Israel's Gantz tests Netanyahu partnership in Washington

Israeli Emergency cabinet minister and opposition politician Benny Gantz addresses the press, in Kiryat Shmona
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By James Mackenzie

JERUSALEM (Reuters) - Benny Gantz, the Israeli war cabinet member visiting Washington this week, tells a story of how his mother, a Holocaust survivor, once had an operation in Germany performed by a Palestinian doctor from Gaza.

The story encapsulates the hope for reconciliation that motivates optimists in the Middle East but which has been cruelly tested by the war with Gaza that erupted on Oct. 7, the deadliest day in Israel's history.

Gantz, 64, who leads a centrist party that now holds a commanding lead in the opinion polls, joined Israeli Prime Minister Benjamin Netanyahu's emergency cabinet last year. He says the fact that he was willing to join a unity government with the right wing Netanyahu and his nationalist religious allies, showed the scale of the crisis facing Israel.

While Gantz has been as adamant as any other leader in Israel that the war can only end when Hamas is destroyed, he is far more open to dialogue with the Palestinians than Netanyahu and his allies from the settler movement like Finance Minister Bezalel Smotrich or Security Minister Itamar Ben-Gvir.

Despite the international alarm at the mounting death toll in Gaza, he is unlikely to deviate from the government's path of continuing the war until final victory.

But as U.S. and international pressure grows for a revival of efforts to reach a two state solution, Gantz's willingness to think about a political end to the conflict has brought the divisions more clearly into focus.

Gantz is due to meet both Vice President Kamala Harris and Secretary of State Antony Blinken and the fact that it is he, rather than Netanyahu, who is making the visit has caused a storm. Netanyahu's relations with U.S. President Joe Biden have been so strained that more than a year after taking office, he has still not received an invitation to visit Washington.

Anonymous briefers have told Israeli outlets "there is only one prime minister" and the media have reported that Netanyahu had forbidden Israel's ambassador in the United States from supporting the visit.

"It's a shame this trip wasn't coordinated in advance with the Prime Minister," Smotrich told a faction meeting in parliament on Monday, describing Gantz as a "weak link" in the government and calling on him to openly declare his opposition to a Palestinian state.

"Gantz is playing into the hands of the Biden administration and is actually promoting their plan to establish a Palestinian state," Smotrich said.

While the shock of Oct. 7 has put the normal rules of politics on hold, Netanyahu faces the anger of the majority of Israelis who blame him for the security failures that allowed the devastating attack, that killed some 1,200 people.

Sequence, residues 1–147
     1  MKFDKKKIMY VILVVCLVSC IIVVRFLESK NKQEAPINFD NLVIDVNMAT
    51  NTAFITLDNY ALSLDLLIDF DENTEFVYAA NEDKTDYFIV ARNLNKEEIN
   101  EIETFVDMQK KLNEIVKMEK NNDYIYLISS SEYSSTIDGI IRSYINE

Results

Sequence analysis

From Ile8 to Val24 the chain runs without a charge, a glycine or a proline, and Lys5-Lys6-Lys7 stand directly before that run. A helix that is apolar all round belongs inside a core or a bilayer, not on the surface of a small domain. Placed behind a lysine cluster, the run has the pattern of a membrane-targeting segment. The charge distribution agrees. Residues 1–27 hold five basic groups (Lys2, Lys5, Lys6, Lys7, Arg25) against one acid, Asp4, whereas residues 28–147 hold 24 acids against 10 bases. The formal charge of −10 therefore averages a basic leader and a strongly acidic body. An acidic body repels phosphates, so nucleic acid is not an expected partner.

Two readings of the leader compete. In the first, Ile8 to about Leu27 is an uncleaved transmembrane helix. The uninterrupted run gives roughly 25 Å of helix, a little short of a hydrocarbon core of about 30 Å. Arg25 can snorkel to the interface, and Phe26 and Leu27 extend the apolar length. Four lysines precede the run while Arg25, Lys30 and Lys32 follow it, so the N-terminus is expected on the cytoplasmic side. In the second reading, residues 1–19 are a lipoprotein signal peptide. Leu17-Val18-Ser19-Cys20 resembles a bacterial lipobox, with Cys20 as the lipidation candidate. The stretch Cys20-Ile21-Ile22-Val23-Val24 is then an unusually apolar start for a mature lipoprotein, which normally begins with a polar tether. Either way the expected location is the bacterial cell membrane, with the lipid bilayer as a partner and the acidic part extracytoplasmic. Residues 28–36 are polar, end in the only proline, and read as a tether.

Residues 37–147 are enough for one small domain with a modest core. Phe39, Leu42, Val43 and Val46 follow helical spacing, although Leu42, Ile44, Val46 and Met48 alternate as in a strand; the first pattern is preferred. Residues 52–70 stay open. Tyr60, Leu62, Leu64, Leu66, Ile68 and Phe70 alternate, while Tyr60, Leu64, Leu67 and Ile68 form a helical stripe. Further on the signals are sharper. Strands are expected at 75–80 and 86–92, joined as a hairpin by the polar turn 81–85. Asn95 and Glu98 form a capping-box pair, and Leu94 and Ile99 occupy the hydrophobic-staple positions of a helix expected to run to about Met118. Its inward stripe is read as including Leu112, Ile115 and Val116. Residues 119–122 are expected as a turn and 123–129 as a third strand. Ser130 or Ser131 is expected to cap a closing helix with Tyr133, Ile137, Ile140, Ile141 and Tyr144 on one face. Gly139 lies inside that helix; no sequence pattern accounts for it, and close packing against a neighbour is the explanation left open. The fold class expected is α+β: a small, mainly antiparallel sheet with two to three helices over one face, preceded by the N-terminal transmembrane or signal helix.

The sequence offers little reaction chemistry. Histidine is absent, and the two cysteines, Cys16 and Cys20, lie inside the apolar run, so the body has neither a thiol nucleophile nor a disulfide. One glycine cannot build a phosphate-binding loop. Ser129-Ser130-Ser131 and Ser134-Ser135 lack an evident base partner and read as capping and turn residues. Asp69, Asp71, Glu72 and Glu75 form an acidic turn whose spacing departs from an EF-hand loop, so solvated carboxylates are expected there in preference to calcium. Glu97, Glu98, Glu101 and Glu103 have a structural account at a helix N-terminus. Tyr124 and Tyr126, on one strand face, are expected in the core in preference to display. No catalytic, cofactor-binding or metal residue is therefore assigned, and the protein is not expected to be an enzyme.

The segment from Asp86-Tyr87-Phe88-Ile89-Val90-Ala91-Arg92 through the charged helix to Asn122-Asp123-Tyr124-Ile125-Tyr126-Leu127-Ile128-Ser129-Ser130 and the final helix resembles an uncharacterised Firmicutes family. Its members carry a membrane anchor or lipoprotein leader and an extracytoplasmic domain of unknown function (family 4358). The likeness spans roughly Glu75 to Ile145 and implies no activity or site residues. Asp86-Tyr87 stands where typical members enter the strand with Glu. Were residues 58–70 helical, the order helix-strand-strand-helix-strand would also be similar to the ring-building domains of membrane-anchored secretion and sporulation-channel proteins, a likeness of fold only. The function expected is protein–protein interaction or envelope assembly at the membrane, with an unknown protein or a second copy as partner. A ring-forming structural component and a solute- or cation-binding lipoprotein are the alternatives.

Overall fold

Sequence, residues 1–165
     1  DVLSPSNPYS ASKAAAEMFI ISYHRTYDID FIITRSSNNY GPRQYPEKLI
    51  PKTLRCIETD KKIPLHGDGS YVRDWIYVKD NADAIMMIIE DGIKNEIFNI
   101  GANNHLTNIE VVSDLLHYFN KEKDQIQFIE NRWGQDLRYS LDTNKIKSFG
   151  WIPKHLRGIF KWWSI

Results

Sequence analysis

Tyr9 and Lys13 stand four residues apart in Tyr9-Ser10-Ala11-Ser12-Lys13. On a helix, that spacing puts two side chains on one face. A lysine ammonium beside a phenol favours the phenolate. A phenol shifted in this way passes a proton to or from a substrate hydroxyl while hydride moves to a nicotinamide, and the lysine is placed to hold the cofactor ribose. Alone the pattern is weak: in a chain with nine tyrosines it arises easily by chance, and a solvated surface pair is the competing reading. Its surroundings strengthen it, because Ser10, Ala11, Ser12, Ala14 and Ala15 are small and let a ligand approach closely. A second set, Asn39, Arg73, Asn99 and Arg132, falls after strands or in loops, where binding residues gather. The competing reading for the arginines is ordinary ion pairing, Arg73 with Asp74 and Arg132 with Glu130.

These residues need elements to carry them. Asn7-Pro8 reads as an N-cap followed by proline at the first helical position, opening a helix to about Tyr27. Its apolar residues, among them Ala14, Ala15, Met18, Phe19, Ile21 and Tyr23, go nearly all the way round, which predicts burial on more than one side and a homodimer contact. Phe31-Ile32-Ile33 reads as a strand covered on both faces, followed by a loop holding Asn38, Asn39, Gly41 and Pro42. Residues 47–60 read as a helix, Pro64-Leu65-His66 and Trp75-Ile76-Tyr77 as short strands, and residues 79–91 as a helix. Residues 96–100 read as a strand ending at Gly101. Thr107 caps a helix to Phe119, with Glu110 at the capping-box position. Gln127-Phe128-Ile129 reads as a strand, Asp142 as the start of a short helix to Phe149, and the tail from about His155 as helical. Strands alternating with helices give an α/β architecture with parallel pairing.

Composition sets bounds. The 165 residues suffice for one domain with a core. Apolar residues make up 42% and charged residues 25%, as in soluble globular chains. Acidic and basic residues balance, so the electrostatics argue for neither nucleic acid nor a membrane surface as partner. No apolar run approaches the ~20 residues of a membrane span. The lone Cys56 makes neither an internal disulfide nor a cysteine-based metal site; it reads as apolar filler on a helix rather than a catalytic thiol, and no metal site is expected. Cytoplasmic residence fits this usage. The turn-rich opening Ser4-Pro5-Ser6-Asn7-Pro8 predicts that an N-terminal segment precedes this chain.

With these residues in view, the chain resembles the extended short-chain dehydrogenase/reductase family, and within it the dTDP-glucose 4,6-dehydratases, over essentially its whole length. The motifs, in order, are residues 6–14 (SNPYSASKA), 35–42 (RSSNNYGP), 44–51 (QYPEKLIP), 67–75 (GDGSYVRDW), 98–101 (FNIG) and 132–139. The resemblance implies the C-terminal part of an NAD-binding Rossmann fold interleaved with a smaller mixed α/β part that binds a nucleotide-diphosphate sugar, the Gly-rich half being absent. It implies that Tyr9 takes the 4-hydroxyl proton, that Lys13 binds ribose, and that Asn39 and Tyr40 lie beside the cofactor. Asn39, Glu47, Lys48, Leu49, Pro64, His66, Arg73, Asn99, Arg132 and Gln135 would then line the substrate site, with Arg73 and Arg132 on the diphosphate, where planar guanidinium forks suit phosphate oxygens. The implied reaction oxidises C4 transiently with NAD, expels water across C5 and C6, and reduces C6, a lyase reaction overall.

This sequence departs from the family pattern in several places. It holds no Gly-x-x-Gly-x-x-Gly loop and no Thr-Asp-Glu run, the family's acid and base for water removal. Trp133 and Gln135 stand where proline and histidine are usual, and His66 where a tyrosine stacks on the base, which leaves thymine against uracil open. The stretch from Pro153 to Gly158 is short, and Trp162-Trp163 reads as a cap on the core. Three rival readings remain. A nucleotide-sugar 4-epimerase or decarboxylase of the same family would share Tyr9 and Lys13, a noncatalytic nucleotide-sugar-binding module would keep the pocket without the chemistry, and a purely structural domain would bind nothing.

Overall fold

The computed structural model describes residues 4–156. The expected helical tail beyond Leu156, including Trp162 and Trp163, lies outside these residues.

Surveys show Gantz's National Unity Party a clear favourite to come out on top in any election held today, with a majority of voters judging that Netanyahu's main motivation for continuing the war was his own political survival, according to a Channel 13 poll on Monday.


A strong opponent of Netanyahu's drive to overhaul the judiciary which risked tearing Israel apart last year, Gantz has clashed frequently with his partners on the hard right, including Smotrich and on occasion the prime minister himself.

But he said that the unprecedented threat facing the country after Oct. 7 had prompted him to join forces with his rivals.

"This is not a political partnership I am in," he told a group of journalists in a briefing last year. "There is no way I would stand aside and play with politics under such circumstances."

Alongside Defence Minister Yoav Gallant, the other main member of the war cabinet, and Gadi Eizenkot, another centrist former general, he has defended the Israeli military and security establishment from attack by Netanyahu allies.

Critics say such attacks are a means of diverting criticism from the prime minister himself.

A former paratrooper who commanded the elite Shaldag commando unit, Gantz spent most of his career in the military. As army chief of staff in 2012, he oversaw an eight day-operation in the Gaza Strip that began with the killing of the chief of Hamas' military wing in Gaza.

That conflict was part of a series of more or less limited confrontations between Israel and Hamas that had marked Israel's relations with the Palestinians ever since the Islamist movement took power in Gaza after a brief factional war in 2007.

The war that began on Oct. 7, when Hamas gunmen broke through the security fence around Gaza and tore through the Israeli communities just outside, killing some 1,200 people and seizing more than 250 as hostages, was different.

Israel has responded with a bombing campaign that has killed more than 30,000 Palestinians, according to local health authorities, drawing increasing alarm even from firm allies like the United States.

Five months into the conflict, attention has increasingly turned to the situation that will follow the end of the war and here, Gantz's feeling that a political solution would have to be found may make him easier for Washington to deal with.

Gantz said he had once told Mahmoud Abbas, the 87-year-old leader of the Palestinian Authority, who is cordially detested by many Israeli leaders, that each of them no doubt dreamed the other would disappear.

"But we are both here. That is not going to change."

(Additional reporting by Steven Scheer, Editing by William Maclean)